In the Sahara desert, halfway between the sand and the scorching sun, real mountains of plastic and waste are hidden.
Most of the refugee camps hosted by the Sahara Desert are completely dependent on humanitarian aid. Food, water and basic necessities arrive thanks to the rescue trucks; waste, on the other hand, has no way of being disposed of. Plastics, garbage and debris are dumped nearby in a constantly growing pile.
Thanks to a slow redevelopment process, the plastic is crushed into small pieces, washed, dried and then melted and pressed to create new objects. Refugees thus have the opportunity to turn garbage into furniture and other easily usable products.
A plastic desert (for now)
The initiative is due to Precious Plastic , an organization dedicated to recycling that relies on a revolutionary recycling system, developed by a young Dutch designer.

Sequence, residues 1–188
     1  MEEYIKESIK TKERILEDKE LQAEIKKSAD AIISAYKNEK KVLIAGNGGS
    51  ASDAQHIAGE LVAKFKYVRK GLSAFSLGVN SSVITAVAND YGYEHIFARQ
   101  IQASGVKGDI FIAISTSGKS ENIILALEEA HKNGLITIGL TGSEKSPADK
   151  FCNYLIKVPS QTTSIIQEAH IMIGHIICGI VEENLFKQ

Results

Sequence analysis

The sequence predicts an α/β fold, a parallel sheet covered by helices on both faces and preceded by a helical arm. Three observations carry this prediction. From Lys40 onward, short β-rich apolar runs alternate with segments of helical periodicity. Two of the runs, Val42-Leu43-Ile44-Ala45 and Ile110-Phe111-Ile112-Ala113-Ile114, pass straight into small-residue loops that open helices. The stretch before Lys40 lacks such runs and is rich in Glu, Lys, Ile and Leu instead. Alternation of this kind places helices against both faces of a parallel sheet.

The project was born after the request for help sent by the United Nations for refugees, UNHCR, which has promoted initiatives aimed at "changing things".
Towards the end of 2021, a United Nations team built a new building to house the recycling center of the plastic, while Precious Plastic provided the necessary equipment.
Refugees protect the Sahara desert from plastic
The machines that sort, clean and dry the plastic are managed by the refugees themselves. With a little training, the men and women of the camp quickly learned how to sort and process the different materials.
"We had some design sessions where we talked about what is possible and how to use this plastic material"
At the moment, the UN pays a group of refugees to work at the recycling center. In about a year, they will own part of the property. The first products will be sold to organizations supporting desert communities who need furniture and small items.
The project is a beautiful attempt to help, a simple means of improving life in the area.